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St. James’ progress over Cortoon Shamrocks in county championship

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Alan O'Donnell

St. James’ 2-8

Cortoon Shamrocks 1-6

A solid team effort was the backbone of St. James’ victory over Cortoon Shamrocks, in a game that won’ live long in the memory of those who attended Tuam Stadium for the first fixture of Saturday evening’s county championship double-header.

Minus talisman Paul Conroy, the Galway city club showed that they are more than the sum of their parts as they defended stoutly for long periods of the second half. A goal from Eoin Concannon midway through that half gave them a 2-6 to 1-3 cushion that they never looked like relinquishing.

Concannon was one of a number of St James’ players to stand up in Conroy’s absence, finishing with a personal tally of 1-3. St James’ were slightly more economical in how they made advantage of the ball they received, funnelling back in numbers and breaking out with pace and purpose.

The quality was quite poor overall though. Both sides took the wrong option on numerous occasions when in possession, particularly in the first half, and the combined wide count of 23 makes for shocking reading. St. James’ hit 10 but Cortoon took home the prize in this facet of the game, shooting 13 in all.

Cathal Mulryan and Adrian Varley were guilty in this regard, and none of Cortoon’s four county members caught the eye as Derek Savage was comfortably their best player on show. Varley was shadowed everywhere he went by Eoin Teagle, while Donal O’Neill had his work cut out dealing with Concannon.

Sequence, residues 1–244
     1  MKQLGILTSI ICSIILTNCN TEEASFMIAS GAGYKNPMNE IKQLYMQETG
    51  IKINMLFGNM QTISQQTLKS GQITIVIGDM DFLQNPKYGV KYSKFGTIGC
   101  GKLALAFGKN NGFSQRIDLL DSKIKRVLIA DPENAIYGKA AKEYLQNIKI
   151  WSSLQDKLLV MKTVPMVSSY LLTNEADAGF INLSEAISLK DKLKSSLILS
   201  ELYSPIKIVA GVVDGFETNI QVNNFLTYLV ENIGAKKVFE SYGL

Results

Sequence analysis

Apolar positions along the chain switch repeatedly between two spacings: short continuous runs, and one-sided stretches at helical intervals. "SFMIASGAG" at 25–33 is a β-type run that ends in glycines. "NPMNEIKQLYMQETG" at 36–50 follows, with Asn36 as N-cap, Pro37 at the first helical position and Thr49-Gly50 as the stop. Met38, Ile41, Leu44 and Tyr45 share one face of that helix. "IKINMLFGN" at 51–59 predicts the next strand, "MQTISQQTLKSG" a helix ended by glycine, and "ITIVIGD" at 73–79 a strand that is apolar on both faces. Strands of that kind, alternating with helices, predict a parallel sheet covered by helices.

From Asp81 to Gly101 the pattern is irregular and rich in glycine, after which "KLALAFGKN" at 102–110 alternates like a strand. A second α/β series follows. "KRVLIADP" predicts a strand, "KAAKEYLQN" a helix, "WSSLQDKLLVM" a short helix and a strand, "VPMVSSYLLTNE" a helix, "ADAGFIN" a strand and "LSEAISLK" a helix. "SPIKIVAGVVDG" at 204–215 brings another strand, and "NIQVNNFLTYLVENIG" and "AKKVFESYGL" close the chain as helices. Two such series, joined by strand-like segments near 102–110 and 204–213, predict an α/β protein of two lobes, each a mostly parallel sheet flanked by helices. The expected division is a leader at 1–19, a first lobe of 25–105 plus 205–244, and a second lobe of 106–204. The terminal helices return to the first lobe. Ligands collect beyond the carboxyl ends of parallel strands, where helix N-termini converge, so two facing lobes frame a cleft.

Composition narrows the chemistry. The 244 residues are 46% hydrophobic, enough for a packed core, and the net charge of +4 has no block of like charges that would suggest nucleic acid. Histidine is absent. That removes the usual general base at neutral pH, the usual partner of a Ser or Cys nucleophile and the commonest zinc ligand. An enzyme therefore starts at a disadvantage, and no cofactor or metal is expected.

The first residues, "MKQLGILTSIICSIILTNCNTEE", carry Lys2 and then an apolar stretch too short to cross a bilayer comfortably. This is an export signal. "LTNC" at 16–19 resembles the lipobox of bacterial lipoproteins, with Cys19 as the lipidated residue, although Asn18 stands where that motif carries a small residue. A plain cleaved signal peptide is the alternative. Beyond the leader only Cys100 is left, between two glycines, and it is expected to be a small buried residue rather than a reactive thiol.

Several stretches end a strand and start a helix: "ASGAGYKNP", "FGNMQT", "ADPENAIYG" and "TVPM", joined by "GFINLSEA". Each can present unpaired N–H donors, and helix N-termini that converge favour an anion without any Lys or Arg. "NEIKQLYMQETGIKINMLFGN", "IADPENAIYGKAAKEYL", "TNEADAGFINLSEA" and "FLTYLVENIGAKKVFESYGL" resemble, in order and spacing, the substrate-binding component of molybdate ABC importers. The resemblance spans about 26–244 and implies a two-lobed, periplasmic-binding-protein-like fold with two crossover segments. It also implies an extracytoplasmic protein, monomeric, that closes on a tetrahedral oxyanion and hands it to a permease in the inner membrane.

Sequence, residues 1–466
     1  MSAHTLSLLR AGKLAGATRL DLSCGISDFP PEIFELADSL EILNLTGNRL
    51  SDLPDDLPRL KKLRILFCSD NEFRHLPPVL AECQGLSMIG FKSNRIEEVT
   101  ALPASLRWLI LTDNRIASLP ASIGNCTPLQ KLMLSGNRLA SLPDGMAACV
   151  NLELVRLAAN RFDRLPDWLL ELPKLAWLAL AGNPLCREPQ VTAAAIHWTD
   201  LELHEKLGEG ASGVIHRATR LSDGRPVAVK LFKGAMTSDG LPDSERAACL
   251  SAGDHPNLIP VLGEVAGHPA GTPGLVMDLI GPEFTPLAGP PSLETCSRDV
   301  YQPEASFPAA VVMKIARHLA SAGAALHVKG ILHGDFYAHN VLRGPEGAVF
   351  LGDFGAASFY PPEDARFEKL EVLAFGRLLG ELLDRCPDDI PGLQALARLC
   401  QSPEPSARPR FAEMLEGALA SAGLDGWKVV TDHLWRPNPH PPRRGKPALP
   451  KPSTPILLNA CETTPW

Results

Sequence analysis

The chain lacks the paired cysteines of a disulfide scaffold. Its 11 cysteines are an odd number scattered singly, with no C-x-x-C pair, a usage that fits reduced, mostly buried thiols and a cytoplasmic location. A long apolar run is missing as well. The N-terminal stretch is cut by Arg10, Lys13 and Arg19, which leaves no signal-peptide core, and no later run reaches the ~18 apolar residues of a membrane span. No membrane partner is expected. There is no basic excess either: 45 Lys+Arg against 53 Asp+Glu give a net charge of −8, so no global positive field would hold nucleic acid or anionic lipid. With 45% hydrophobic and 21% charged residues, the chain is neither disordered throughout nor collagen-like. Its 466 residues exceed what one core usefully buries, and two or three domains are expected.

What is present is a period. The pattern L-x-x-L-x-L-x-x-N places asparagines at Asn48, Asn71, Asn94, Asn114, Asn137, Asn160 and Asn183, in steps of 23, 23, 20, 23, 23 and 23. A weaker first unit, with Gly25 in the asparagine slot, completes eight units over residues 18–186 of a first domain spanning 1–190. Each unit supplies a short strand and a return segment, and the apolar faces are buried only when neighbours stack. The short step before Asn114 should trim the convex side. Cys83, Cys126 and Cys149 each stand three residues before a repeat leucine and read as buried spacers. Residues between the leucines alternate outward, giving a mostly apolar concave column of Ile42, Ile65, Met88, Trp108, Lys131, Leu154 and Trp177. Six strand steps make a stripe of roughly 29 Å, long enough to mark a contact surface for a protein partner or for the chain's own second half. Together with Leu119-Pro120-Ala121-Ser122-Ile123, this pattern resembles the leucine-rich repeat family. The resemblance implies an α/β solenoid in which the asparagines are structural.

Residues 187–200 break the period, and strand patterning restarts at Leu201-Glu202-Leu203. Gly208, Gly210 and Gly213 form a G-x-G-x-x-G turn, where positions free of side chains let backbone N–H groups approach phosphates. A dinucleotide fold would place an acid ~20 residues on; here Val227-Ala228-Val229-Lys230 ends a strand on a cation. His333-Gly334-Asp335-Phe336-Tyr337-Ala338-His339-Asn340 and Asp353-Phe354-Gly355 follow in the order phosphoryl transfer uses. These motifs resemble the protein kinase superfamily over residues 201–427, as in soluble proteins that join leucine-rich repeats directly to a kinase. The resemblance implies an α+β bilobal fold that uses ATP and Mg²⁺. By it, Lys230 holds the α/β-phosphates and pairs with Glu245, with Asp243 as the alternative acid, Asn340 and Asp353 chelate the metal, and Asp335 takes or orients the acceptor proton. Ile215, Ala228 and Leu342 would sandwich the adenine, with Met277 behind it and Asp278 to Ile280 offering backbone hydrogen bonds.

The first half was characterised by poor finishing, and a heavy shower that brought thunder and lightning with it just before the half time whistle was the most remarkable event of the half’s entertainment.

It was Cortoon who opened the scoring in the fourth minute through full-forward Fergal Heverin. They sought to isolate Heverin at the edge of the square for much of the game, but the balls into the big man were either overhit or hoovered up by opposition defenders. St. James’ created four goal chances playing against a slight breeze in the opening period.

They took the first of them in the sixth minute of the half, as Tommy Walsh played a neat one-two with Johnny Duane before coolly finishing to the bottom corner of the net. Gary Geoghehan and David O’Connell traded points, before Duane manufactured another goal opportunity for Concannon with a quarter of an hour played.